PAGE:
A Senate vote yesterday narrowly allowed the Environmental Protection Agency to monitor and regulate greenhouse gas emissions from motor vehicles. There has been a lot of spin and furor over this vote, but in the end I think that this was heavily (though not totally) influenced by a political (and heavily partisan) denial of climate change.
Here's the deal: The Clean Air Act allows the EPA to monitor and regulate various pollutants emitted by industries. A recent provision, Section 202(a), added six greenhouse gases to that list—specifically, carbon dioxide, methane, nitrous oxide, hydrofluorocarbons, perfluorocarbons, and sulfur hexafluoride—and paves the way to allow the EPA to actively regulate them.
However, a Joint Resolution was submitted by Senator Lisa Murkowski (R-AK), basically disallowing that Section of the Act. In other words, this Resolution would not allow the EPA to regulate those greenhouse gas emissions.
The Resolution was voted down by a 47-53 vote. Yay! Interestingly, not one of the 53 votes against it came from a Republican. A half dozen votes supporting it did come from Democrats, however.
What do we make of this?
Those who voted for the Resolution have a list of reasons. They say this is a power grab by the EPA, trying to overreach its authority. That, however, is clearly wrong. The idea of the EPA regulating pollutants goes back to the Clean Air Act's beginnings in 1970. Since then, when new pollutants are found, they are added to the EPA's list. Greenhouse gases are pollutants by definition, so the claim that this is some power grab is thin indeed.
There are also claims that this will allow the EPA to impose a backdoor tax on small businesses, farms, and so on, in the form of permits. This idea has more traction. I'll note that some of the Democrats who voted for the Resolution have made these same claims as well. I agree that there is a financial burden on small businesses, and I am loathe to see it get any worse. However, I think climate change is a bigger problem overall, and it needs to be addressed.
Also, and very importantly, it should be noted that the Supreme Court ruled that the EPA must regulate these gases. That puts both those above claims into shady territory.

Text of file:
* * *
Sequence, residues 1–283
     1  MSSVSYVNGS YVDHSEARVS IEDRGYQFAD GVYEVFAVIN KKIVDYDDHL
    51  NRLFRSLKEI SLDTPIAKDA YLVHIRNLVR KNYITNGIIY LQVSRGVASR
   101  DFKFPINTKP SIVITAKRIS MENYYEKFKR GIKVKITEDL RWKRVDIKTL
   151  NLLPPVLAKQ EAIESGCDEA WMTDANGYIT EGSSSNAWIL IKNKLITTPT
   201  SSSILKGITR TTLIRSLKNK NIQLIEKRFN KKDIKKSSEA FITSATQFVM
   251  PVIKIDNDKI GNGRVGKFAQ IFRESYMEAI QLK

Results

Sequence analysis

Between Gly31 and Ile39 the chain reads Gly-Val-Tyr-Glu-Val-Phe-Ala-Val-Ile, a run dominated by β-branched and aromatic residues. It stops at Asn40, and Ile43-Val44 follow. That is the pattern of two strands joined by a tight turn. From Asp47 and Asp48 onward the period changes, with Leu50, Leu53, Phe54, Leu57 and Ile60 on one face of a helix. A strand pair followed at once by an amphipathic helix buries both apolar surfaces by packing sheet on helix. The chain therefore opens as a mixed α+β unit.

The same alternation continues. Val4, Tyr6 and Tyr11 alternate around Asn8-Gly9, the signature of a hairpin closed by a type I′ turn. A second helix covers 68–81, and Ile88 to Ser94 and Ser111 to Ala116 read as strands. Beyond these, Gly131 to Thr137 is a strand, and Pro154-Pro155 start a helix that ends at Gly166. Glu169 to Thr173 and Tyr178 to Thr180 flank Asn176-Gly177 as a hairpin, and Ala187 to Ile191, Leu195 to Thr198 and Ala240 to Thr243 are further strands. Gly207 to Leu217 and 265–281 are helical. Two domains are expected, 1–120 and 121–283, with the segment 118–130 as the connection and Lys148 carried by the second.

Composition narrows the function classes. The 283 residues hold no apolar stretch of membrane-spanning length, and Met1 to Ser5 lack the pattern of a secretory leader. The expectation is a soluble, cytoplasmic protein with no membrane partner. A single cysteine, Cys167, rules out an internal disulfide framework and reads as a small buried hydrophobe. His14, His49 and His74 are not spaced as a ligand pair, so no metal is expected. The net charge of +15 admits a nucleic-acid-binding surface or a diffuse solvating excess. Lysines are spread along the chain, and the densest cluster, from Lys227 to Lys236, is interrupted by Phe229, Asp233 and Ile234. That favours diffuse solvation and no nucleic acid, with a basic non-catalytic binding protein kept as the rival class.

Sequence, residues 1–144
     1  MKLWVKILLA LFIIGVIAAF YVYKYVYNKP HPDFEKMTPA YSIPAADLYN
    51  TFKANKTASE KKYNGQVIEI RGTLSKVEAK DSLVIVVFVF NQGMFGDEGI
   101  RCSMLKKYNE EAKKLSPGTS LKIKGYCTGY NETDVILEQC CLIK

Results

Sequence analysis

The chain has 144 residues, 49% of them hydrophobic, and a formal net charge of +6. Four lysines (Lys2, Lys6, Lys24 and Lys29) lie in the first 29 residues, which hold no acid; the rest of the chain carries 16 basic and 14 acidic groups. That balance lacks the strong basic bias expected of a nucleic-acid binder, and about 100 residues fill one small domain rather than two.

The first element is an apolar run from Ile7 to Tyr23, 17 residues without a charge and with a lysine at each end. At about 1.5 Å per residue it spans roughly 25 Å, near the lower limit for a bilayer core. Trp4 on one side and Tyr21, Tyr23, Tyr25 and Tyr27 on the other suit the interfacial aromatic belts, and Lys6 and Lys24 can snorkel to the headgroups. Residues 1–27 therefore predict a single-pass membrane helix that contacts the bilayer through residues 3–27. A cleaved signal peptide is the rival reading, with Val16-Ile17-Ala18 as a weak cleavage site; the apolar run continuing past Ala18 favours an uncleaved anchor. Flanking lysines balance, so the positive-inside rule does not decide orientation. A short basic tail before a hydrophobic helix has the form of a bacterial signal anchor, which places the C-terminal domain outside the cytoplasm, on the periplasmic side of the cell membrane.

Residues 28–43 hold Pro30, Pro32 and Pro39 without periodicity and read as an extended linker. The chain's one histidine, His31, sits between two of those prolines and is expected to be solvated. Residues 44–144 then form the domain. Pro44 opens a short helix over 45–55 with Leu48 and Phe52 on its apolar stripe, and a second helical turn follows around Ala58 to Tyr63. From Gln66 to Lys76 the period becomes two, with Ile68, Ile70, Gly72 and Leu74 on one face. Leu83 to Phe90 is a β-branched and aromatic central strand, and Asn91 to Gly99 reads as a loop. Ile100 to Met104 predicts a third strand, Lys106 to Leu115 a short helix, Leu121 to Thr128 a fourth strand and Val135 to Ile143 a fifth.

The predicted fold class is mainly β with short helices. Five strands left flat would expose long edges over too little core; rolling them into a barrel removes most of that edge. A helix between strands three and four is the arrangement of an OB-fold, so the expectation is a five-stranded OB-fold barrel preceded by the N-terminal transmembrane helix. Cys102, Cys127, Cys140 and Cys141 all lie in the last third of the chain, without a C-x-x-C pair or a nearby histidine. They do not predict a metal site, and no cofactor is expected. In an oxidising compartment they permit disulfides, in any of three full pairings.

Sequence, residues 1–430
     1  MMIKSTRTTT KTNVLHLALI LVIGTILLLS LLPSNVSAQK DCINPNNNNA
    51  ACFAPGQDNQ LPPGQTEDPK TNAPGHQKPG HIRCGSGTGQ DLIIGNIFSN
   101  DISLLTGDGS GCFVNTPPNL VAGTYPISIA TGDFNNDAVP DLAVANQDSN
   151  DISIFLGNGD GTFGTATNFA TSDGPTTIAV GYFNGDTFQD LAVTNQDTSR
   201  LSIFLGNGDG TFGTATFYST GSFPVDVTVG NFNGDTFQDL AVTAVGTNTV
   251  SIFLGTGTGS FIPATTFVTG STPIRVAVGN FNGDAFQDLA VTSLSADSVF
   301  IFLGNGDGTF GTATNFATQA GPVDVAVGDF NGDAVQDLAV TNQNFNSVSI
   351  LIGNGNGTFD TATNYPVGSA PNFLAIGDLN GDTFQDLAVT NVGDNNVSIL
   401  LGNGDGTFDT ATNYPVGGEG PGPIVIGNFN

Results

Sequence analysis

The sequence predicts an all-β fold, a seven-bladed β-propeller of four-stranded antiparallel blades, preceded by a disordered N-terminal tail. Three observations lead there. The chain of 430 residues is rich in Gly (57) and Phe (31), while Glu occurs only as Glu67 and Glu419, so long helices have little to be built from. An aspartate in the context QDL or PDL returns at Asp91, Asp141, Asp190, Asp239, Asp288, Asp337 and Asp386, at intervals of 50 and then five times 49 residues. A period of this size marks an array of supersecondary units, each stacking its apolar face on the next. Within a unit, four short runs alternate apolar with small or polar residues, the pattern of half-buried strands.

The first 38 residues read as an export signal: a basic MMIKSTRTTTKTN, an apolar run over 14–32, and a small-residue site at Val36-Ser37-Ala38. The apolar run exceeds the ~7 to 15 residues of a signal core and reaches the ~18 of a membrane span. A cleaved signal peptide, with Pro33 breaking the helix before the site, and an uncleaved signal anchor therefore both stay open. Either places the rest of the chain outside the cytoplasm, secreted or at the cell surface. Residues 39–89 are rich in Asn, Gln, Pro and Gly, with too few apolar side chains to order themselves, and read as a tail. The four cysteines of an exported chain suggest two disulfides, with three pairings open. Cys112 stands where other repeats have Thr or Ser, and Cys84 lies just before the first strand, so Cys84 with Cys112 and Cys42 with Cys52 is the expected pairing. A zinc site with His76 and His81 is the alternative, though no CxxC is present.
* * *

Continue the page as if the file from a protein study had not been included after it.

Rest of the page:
Regulation is needed. It's a good thing. Regulations make sure industry doesn't take advantage of lax laws and lax law enforcement. One of the root causes of the current recession, and the oil spill in the Gulf, is a lack of regulations and enforcement. I'm all for allowing corporations to grow and to profit, but there has to be some oversight. While the vast majority of private businesses operate above board, it only takes a handful to truly screw things up. That's why we have laws.
But even if the supporters of the Resolution do believe those claims are valid, I still have alarm bells ringing in my head, because for at least some of them this is really about scientific ideology.
About this Resolution, Orrin Hatch (R-Utah) came out and said, "There is nowhere a scientific consensus on one of the EPA's findings that humans are causing warming or that warming is necessarily bad for the environment or for humankind." Senator Hatch, that's utter garbage. There is a consensus. The disagreement over this is almost entirely a manufactured controversy, artificially created and pumped up by a religiously fervent noise machine.
Not everyone on that side said this, to be fair. Moderate Olympia Snowe (R-Maine) stated that she understand what the science actually says, and I'm glad—very glad!—to hear that. But people like Hatch, Inhofe, and others make me very suspicious indeed—see the Related Posts at the bottom of this post for a litany of reasons why.
Obviously, this is a complicated issue. We have the real danger of greenhouse gas emissions and the real danger opposite it of over-regulation. But time and again we have seen the far-right members of Congress stomp on science, and I'm pretty much at the "fool me twice, shame on me" stage when I hear them on these issues. And I know I agree with this sentiment:
"The Murkowski resolution gives the United States Senate a choice between real science and political science," said Sen. Richard Durbin, D-Illinois. "That's what it comes down to."
"This discussion about global warming is now political, not scientific. And this is absurd," added Sen. Bernie Sanders, D-Vermont.
As even Sen. Murkowski said, science is what it is—though reading her entire statement, I don't think she actually puts a lot of stock in it. It is my fervent hope that someday—maybe even after the mid-term elections coming up this fall—we'll have a Congress that truly understands that and acts on it.
Tip o' the thermometer to Reddit.
- Deniers abuse power to attack climate scientists
- Climate change attacks followup
- Breaking: Climate scientists cleared of malpractice by panel
- Let them eat fake
- You can't resolve away climate change